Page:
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NASA picture of Takutea Island.
Map of Takutea

Takutea, in the Cook Islands, is a small uninhabited island 21 km northwest of Atiu in the southern Cook Islands. Because it is only 1.22 km² in size and has a very dangerous landing at the northwest corner of the reef, it has been designated a wildlife sanctuary, mainly for the red-tailed tropic birds and red-footed Boobies.

Administratively, the island is considered part of Atiu, the closest island. It is owned equally by all inhabitants of Atiu and not allocated to one specific village or district of Atiu.

The wildlife sanctuary is administered by a Trust and special permission for visits is needed from the Trust Chairman, High Chief Rongomatane Ariki. Alternatively, it is possible join the research vessel Bounty Bay for an eco tour, run by Pacific Expeditions Ltd. out of Rarotonga, the main island of the Cook Islands.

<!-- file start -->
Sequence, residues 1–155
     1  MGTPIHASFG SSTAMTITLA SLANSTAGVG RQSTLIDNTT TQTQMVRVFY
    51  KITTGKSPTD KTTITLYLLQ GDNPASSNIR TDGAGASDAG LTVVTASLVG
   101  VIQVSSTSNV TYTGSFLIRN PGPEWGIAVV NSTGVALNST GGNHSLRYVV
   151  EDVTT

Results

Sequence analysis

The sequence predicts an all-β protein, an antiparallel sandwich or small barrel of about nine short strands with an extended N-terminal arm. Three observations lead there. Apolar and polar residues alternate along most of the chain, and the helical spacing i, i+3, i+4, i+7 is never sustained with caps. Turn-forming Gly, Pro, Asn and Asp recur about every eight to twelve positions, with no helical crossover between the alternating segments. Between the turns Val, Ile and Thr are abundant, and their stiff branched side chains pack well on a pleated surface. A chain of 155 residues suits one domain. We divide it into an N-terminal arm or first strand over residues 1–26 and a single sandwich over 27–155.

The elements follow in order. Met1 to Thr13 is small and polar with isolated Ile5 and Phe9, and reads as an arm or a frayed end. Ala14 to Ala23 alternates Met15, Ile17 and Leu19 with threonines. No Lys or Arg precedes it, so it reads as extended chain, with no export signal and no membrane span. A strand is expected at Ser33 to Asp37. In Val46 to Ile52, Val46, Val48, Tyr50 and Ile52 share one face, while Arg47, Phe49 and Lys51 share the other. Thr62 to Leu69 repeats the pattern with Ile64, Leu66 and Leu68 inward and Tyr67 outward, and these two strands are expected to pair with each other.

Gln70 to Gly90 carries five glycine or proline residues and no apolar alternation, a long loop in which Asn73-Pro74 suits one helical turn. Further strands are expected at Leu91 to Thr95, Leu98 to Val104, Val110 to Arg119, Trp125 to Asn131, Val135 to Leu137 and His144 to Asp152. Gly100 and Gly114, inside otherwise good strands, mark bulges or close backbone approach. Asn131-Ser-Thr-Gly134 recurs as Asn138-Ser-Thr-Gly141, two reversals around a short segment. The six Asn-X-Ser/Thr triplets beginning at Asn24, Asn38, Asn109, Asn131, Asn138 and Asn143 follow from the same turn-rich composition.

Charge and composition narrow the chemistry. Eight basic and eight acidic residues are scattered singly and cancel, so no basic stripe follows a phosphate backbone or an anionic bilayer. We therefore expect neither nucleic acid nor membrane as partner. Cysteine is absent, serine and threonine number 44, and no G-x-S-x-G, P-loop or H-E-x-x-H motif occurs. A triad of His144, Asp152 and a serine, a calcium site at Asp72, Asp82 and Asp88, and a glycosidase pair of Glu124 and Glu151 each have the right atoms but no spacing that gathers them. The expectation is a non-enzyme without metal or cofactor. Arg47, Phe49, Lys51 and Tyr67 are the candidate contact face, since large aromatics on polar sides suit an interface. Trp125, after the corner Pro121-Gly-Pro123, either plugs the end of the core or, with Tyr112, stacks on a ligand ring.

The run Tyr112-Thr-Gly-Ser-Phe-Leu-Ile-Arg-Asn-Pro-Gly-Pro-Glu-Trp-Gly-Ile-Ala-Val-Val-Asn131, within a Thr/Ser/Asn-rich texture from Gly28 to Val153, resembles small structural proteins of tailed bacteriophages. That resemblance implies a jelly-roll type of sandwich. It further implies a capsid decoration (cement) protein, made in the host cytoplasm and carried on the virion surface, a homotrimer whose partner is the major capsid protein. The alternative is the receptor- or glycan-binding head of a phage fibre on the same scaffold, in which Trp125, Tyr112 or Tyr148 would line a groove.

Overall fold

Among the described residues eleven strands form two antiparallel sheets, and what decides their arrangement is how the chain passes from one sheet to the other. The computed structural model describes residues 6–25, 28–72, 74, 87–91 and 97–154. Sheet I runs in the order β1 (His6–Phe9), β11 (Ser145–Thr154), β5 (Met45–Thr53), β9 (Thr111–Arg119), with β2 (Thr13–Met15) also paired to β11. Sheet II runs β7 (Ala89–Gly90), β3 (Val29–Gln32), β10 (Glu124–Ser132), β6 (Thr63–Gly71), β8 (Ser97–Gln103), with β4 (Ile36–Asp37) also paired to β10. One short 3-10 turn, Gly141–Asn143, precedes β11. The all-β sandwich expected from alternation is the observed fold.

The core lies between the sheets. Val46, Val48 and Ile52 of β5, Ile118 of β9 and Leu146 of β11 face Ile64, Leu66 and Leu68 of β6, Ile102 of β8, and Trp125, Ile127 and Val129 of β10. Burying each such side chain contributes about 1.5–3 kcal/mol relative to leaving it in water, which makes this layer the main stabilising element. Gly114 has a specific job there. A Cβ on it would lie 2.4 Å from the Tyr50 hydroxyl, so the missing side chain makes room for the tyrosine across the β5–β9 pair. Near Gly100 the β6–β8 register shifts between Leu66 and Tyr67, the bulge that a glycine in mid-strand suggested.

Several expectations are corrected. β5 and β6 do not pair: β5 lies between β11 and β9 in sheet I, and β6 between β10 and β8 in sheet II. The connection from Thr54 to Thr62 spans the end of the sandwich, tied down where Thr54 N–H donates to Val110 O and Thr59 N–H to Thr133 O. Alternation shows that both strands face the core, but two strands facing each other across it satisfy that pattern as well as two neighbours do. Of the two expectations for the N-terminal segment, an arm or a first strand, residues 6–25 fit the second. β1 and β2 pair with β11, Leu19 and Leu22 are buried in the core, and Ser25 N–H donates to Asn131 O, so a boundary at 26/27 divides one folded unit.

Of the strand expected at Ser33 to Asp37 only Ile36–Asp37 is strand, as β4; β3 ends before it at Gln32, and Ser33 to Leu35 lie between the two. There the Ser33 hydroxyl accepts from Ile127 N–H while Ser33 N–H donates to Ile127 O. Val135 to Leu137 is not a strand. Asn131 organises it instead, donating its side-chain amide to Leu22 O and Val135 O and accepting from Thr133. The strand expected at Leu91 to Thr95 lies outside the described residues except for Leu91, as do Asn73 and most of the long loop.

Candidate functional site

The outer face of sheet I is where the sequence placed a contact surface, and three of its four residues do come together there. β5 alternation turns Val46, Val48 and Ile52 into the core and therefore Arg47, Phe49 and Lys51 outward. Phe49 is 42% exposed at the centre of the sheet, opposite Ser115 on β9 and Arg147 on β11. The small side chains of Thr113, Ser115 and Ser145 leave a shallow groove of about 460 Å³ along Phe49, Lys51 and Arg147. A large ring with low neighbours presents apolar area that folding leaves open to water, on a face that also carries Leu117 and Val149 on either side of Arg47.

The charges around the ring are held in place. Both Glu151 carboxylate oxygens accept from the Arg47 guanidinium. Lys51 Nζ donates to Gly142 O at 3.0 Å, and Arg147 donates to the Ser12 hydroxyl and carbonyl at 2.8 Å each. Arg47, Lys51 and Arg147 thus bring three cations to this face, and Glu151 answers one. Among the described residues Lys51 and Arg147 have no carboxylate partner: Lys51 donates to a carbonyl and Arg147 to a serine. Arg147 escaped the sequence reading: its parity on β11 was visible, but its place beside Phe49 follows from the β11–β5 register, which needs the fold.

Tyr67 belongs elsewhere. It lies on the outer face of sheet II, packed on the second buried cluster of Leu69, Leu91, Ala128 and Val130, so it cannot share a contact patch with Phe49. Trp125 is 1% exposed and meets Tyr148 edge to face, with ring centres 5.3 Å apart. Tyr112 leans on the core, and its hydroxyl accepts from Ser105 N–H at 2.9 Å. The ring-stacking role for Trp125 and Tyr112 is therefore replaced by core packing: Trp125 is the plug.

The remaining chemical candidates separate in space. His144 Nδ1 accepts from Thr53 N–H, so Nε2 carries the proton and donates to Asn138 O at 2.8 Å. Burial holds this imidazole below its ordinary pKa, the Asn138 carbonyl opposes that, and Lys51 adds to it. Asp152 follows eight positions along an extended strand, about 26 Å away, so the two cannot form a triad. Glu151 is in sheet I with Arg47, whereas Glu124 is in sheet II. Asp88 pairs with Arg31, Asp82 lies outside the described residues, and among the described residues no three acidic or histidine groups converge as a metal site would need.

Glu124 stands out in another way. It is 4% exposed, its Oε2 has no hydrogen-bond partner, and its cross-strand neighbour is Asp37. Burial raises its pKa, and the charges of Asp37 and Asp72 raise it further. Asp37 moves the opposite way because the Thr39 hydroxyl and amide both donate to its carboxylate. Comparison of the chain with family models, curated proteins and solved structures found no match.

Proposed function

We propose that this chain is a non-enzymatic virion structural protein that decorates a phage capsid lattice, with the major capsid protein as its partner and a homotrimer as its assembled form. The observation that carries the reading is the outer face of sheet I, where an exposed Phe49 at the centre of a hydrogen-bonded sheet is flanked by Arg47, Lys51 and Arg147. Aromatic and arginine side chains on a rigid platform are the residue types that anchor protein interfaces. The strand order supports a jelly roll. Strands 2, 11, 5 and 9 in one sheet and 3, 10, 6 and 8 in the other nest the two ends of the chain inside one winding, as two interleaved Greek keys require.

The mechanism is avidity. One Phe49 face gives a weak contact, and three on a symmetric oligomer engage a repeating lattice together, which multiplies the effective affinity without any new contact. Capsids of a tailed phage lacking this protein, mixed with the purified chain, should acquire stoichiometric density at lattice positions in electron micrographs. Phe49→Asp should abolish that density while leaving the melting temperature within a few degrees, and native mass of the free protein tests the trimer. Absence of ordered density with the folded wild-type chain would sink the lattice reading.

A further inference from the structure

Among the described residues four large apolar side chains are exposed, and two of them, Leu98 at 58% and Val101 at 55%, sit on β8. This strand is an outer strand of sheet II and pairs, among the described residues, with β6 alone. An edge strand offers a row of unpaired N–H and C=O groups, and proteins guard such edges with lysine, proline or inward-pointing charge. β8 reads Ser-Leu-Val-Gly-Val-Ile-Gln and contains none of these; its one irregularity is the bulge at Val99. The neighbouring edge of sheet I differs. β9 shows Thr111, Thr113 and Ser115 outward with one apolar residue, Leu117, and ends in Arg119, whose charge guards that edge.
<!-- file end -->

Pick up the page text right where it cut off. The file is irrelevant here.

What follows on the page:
Copra cutters from Atiu visit once a year to cut coconuts from the trees, and a quantity of the tail feathers of the tropic birds.

The conservation service, made up of local residents from other islands, makes regular trips to the island to monitor the conservation.

History

Takutea is the only island in the Cook Islands that never had a permanent population. When Captain Cook sighted the island on 4 April, 1777, and some crew members went ashore, they found some huts, but no evidence of a permanent settlement.

External links

Coordinates: 19°48′47″S 158°17′39″W / 19.81306°S 158.29417°W / -19.81306; -158.29417








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